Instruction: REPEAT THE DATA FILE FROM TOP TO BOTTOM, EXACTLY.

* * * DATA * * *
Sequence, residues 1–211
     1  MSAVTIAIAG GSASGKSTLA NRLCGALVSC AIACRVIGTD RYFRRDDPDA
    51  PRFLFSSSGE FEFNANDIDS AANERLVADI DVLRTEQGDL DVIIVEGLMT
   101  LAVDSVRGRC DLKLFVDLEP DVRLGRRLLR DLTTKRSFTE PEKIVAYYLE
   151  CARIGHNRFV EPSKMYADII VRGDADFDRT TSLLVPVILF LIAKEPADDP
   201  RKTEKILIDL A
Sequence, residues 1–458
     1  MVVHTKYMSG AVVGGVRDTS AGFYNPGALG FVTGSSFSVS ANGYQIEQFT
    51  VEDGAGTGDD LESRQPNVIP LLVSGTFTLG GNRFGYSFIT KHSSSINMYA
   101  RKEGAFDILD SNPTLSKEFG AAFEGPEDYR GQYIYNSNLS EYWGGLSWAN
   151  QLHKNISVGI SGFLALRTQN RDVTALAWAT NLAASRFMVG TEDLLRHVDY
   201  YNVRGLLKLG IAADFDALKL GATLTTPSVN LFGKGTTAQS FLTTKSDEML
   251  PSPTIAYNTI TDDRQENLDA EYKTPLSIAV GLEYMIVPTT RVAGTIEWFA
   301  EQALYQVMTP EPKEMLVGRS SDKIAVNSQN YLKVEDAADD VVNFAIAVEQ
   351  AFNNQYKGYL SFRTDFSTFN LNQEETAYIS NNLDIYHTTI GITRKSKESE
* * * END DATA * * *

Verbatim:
Sequence, residues 1–211
     1  MSAVTIAIAG GSASGKSTLA NRLCGALVSC AIACRVIGTD RYFRRDDPDA
    51  PRFLFSSSGE FEFNANDIDS AANERLVADI DVLRTEQGDL DVIIVEGLMT
   101  LAVDSVRGRC DLKLFVDLEP DVRLGRRLLR DLTTKRSFTE PEKIVAYYLE
   151  CARIGHNRFV EPSKMYADII VRGDADFDRT TSLLVPVILF LIAKEPADDP
   201  RKTEKILIDL A
Sequence, residues 1–458
     1  MVVHTKYMSG AVVGGVRDTS AGFYNPGALG FVTGSSFSVS ANGYQIEQFT
    51  VEDGAGTGDD LESRQPNVIP LLVSGTFTLG GNRFGYSFIT KHSSSINMYA
   101  RKEGAFDILD SNPTLSKEFG AAFEGPEDYR GQYIYNSNLS EYWGGLSWAN
   151  QLHKNISVGI SGFLALRTQN RDVTALAWAT NLAASRFMVG TEDLLRHVDY
   201  YNVRGLLKLG IAADFDALKL GATLTTPSVN LFGKGTTAQS FLTTKSDEML
   251  PSPTIAYNTI TDDRQENLDA EYKTPLSIAV GLEYMIVPTT RVAGTIEWFA
   301  EQALYQVMTP EPKEMLVGRS SDKIAVNSQN YLKVEDAADD VVNFAIAVEQ
   351  AFNNQYKGYL SFRTDFSTFN LNQEETAYIS NNLDIYHTTI GITRKSKESE